He lives through the atrocities of civil war as a brave and loyal friend. He strives for being a caring and generous father to his elder daughter Fenxia and the young son Youqing. Over his hard life, Fugui sees all his loved ones one by one tragically and prematurely pass away.  Nonetheless, he appreciates that he, after all, lives. And so, live he does, in modesty and compassion.   

It’s better to live an ordinary life. If you go on striving for this and that, you’ll end up paying with your life.” 

To Live – Yu Hua

Yu Hua’s writing is overwhelmingly realistic and crude and doesn’t spare violent and excruciating details. However, it is right through his its raw descriptions that he engages the reader with an especially intense and emotionally charging narration. 

Movie adaptation

In 1994, To Live was adapted to the screen with a homonymous movie directed by Zhang Yimou. The script keeps somewhat loyal to the plot, although the rawness of Yu Hua’s narrative is highly sweetened with a rather melancholic tone. More emphasis is given to the historical and social context in which the drama takes place. The ox, which seems quite a fundamental, symbolic character of the book implicitly reflecting the protagonist’s stoic endurance, is also removed from the script. Moreover, the original countryside setting is replaced with a northern city background. Finally, the script adds symbolic insights of shadow puppetry.  

Ironically, even though death, violence and pain are at the centre of this emotionally charging, beautiful Chinese tragedy, the author chooses to name the novel To Live. I read it as an exhortation for everyone to always look at life with kind eyes, no matter what happens. To put it in Fugui’s words:

“No matter how lucky a person is, the moment he decides he wants to die, there’s nothing that will keep him alive.”

To Live – Yu Hua

The novel bares human frailty in all its facets, to send a message of endurance.  

In 2003, an official English version of To Live was edited by Michael Berry (Professor of Contemporary Chinese cultural studies at the University of California, Santa Barbara) and published by Anchor Books & Random House of Canada Limited.  

The book in its English version is available on Amazon at less than 15.00 $. Have you read it already? I would love to hear what you think!

About Interact China 

Shape

“A Social Enterprise in E-commerce Promoting Oriental Aesthetic Worldwide!”  

Aileen & Norman co-founded Interact China in 2004 with specialization in fine Oriental Aesthetic products handmade by ethnic minorities & Han Chinese. Having direct partnerships with artisans, designers, craft masters and tailors, along with 13 years of solid experience in e-commerce via InteractChina.com, we are well positioned to bridge talented artisans in the East with the rest of the world, and directly bring you finely selected products that are of good quality and aesthetic taste.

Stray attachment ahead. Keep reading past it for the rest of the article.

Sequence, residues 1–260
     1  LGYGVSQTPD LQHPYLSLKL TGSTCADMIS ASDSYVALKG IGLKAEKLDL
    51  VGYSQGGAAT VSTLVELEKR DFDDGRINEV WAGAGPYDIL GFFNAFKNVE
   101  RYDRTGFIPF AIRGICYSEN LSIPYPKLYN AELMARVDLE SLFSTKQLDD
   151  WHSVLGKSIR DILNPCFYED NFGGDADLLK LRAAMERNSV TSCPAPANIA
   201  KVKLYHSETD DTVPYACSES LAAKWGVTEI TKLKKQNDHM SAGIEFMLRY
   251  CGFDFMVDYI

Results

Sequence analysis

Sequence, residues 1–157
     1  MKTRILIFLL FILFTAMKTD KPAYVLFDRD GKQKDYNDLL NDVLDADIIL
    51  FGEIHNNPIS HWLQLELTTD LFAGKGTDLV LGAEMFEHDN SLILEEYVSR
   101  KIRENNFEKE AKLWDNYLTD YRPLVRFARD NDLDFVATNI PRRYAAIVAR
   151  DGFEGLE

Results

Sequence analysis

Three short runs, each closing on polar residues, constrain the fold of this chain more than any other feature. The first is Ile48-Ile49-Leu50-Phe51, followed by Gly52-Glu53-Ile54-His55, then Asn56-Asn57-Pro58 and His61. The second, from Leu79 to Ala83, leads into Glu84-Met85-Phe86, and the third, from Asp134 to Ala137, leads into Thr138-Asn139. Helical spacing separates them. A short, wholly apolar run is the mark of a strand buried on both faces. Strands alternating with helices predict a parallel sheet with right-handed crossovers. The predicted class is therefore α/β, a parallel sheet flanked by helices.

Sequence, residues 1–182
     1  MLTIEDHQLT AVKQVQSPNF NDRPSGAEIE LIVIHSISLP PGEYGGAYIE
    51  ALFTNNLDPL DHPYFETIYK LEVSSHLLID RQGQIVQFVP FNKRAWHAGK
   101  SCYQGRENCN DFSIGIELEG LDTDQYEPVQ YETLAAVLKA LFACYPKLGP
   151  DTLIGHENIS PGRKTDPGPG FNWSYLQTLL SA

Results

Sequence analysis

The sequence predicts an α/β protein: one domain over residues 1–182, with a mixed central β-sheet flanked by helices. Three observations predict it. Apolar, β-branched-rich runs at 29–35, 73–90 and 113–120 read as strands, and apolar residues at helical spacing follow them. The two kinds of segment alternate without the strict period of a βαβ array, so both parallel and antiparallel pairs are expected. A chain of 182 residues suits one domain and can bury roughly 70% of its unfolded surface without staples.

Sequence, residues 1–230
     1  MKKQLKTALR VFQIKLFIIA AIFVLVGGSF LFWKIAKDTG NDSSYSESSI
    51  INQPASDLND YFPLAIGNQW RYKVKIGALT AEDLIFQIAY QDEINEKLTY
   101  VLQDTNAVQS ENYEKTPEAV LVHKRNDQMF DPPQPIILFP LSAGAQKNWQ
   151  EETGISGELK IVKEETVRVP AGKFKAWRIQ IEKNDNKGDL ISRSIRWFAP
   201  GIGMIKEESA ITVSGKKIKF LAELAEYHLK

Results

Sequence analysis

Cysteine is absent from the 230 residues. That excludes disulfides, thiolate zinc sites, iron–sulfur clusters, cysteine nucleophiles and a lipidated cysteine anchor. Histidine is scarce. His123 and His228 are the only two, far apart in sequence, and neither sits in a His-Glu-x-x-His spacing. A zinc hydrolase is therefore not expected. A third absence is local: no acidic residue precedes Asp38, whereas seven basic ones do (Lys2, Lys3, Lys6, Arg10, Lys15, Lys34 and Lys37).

So far we carry 3000+ goods covering Ladies Fashion via ChineseFashionStyle.com, Kungfu Fashion, Home Furnishings, Babies & Kids, Painting Arts, Textile Arts, Carving Arts, Tribal Jewelry Art, Wall Masks and Musical Instruments. Our team speak English, French, German, Spanish and Italian, and serve customers worldwide with passion and hearts. 

Shape

P.S. We Need People with Similar Passion to Join Our Blogging Team!  
If you have passion to write about Oriental Aesthetic in Fashion, Home Decor, Art & Crafts, Culture, Music, Books, and Charity, please contact us at bloggers@interactchina.com, we would love to hear from you! 

Ethnic and Ethical: 4 Reasons to Love (and Live) Sustainable Fashion in China

Written By Maria Giglio

I remember the last time I walked around Regent’s Street area in London. It was last winter on a Saturday. Ok, it may not have been the last time, but surely it was the most memorable. I passed by a fur shop. A bunch of protesters stood in front of the building yelling at anyone getting out of the fancy door. Several bystanders just didn’t take them seriously or worse, they held their children tight, covering their eyes and ears, as if they were assisting to a terrorist attack. It was a moment of dramedy.

Greta Thunberg on her first climate strike in front of the Swedish Parliament in Stockholm

Ok, we get it. In the era of veganism, environmentalism, climate change strikes, grumpy looks from Greta Thunberg to Donald Trump, not everyone is ready to give up their comfort food just yet, and for what? The promise of a better future?  Ain’t no hero, ain’t no saint, right? Wrong! Maybe this is an era in desperate need of a Marvel character, only this time the whole world is at stake. And by world, I mean trees, animals, insects, fish, your delicious bonsai, your Golden Retriever, but also you and I, our children and their children. Only problem is… The environmental alarm is set to 2030. In a world without fictional saviours, only humanity can save itself from self-destruction. Good news: we are still in time to make this happen. How? By compromising on our old habits: energy and food waste, water efficiency, responsible consumption. In a nutshell, sustainability. And compared to the payoff, this is really a small effort. The growing concern about sustainability issues has finally led many industries to look at it as a crucial bullet point in their performance checklist. Sustainable goals are increasingly becoming a key determinant of bottom line performances.